Harry Houdini Bio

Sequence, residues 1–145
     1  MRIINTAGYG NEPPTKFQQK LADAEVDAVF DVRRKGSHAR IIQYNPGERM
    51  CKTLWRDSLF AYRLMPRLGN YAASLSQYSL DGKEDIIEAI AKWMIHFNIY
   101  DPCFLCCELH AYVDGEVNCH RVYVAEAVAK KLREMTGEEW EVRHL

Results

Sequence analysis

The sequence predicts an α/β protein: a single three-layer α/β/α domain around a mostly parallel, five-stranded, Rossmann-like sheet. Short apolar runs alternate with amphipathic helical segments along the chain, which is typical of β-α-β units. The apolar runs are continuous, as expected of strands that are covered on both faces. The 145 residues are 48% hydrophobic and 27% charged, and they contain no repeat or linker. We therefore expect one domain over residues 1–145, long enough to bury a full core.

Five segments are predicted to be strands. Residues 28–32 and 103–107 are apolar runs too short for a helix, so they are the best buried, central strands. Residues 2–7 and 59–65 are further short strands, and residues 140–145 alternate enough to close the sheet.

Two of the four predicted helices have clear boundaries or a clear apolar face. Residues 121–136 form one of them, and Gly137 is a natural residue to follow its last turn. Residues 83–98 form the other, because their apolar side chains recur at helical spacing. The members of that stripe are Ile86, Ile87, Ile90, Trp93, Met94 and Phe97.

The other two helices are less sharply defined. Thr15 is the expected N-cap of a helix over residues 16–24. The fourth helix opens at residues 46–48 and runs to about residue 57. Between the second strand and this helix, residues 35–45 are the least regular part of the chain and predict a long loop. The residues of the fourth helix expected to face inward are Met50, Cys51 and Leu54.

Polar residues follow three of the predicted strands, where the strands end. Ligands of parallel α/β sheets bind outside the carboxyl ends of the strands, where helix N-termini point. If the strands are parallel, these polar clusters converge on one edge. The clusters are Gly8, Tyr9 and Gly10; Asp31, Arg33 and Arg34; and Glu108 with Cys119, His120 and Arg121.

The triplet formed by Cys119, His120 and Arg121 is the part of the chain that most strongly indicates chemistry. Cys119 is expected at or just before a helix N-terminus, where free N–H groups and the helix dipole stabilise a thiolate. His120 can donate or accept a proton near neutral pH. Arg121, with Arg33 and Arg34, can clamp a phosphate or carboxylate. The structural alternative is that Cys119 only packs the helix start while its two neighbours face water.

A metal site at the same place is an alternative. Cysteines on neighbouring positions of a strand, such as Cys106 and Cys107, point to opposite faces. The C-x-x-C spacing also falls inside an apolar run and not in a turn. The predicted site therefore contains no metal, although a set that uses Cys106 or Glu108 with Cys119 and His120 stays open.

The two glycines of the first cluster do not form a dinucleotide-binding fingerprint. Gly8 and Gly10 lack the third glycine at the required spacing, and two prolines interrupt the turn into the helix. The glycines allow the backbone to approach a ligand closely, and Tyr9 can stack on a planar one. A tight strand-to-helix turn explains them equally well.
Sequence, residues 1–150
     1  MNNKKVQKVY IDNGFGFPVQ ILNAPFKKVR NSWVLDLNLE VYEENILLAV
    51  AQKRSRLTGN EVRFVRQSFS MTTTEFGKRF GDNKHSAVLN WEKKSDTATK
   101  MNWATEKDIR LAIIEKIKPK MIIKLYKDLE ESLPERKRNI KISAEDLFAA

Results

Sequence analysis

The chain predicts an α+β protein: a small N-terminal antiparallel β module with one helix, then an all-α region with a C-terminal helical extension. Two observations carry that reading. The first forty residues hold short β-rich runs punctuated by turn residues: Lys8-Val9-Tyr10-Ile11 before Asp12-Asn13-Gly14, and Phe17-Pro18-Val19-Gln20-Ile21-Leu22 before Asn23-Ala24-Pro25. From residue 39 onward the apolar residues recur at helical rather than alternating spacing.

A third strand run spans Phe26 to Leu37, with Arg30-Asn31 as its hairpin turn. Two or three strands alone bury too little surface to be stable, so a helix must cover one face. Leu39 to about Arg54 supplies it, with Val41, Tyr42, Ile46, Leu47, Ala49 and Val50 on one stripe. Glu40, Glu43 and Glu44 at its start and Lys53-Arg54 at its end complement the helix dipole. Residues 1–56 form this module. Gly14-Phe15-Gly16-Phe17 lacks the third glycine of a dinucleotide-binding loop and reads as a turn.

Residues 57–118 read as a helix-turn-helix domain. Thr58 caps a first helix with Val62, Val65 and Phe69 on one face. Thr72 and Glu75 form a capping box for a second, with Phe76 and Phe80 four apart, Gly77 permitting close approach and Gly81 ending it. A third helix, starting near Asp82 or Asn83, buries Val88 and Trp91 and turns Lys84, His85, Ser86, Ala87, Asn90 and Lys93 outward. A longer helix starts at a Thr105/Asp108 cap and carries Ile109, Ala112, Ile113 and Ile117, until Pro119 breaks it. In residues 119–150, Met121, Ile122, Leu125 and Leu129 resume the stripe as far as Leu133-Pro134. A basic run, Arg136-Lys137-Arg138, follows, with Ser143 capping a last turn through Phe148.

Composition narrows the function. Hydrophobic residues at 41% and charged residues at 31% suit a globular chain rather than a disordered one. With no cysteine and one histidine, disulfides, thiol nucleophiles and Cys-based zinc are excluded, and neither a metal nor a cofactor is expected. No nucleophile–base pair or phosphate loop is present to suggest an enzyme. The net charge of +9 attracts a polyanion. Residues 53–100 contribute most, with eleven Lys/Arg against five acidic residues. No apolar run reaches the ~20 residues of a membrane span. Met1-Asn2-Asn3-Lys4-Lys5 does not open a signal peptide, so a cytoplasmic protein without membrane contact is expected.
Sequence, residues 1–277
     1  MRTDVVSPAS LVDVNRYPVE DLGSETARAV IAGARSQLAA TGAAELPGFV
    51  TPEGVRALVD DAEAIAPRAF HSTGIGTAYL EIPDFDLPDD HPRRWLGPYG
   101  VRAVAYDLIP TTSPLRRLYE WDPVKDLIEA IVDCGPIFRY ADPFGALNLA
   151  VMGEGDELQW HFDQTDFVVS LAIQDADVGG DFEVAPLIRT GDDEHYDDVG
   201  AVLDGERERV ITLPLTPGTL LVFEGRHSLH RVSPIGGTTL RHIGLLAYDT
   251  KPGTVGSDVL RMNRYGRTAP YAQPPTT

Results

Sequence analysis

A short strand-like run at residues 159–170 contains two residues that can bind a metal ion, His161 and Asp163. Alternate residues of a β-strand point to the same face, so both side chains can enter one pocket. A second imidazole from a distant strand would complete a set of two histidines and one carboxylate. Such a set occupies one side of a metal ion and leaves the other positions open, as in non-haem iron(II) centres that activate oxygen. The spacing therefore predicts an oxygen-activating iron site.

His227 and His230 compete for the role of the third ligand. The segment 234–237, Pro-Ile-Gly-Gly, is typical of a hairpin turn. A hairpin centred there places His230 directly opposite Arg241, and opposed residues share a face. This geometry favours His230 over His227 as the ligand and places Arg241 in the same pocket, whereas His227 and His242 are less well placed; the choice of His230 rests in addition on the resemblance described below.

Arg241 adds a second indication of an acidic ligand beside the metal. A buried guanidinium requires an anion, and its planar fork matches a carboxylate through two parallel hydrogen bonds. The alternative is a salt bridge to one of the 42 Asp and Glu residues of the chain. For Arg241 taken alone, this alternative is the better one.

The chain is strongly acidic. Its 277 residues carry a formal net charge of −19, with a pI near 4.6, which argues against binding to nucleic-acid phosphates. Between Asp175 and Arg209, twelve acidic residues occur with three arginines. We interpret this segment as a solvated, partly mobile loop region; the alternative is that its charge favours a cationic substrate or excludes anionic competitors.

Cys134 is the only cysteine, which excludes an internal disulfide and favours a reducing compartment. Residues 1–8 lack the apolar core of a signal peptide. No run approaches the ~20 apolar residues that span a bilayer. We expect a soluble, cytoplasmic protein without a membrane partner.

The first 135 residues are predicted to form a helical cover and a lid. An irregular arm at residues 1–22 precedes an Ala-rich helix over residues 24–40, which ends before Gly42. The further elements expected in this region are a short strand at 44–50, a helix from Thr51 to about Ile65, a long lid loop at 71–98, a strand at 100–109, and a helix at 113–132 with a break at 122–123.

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Magician, escape artist. Born Erich Weisz on March 24, 1874 in Budapest, Hungary. One of seven children born to a Jewish rabbi and his wife, Erich moved with his family as a child to Appleton, Wisconsin, where he later claimed he was born. When he was 13, Erich moved with his father to New York City, taking on odd jobs and living in a boarding house before the rest of the family joined them. It was there that he became interested in trapeze arts. In 1894, Erich launched his career as a professional magician and renamed himself Harry Houdini, the first name being a derivative of his childhood nickname, “Ehrie,” and the last an homage to the great French magician Jean Eugène Robert-Houdin. Though his magic met with little success, he soon drew attention for his feats of escape using handcuffs. In 1893, he married fellow performer Wilhelmina Beatrice Rahner, who would serve as Houdini’s lifelong stage assistant. In 1899, Houdini’s act caught the attention of Martin Beck, an entertainment manager who soon got him booked at some of the best vaudeville venues in the country, followed by a tour of Europe. Houdini’s feats would involve the local police, who would strip search him, place him in shackles, and lock him in their jails. The show was a huge sensation, and he soon became the highest-paid performer in American vaudeville. Houdini continued his act in the United States in the early 1900s, constantly upping the ante from handcuffs and straightjackets to locked, water-filled tanks and nailed packing crates. In 1912, his act reached its pinnacle, the Chinese Water Torture Cell, which would be the hallmark of his career. In it, Houdini was suspended by his feet and lowered upside-down in a locked glass cabinet filled with water, requiring him to hold his breath for more than three minutes to escape. The performance was so daring and such a crowd-pleaser that it remained in his act until his death in 1926. Houdini’s wealth allowed him to indulge in other passions,...
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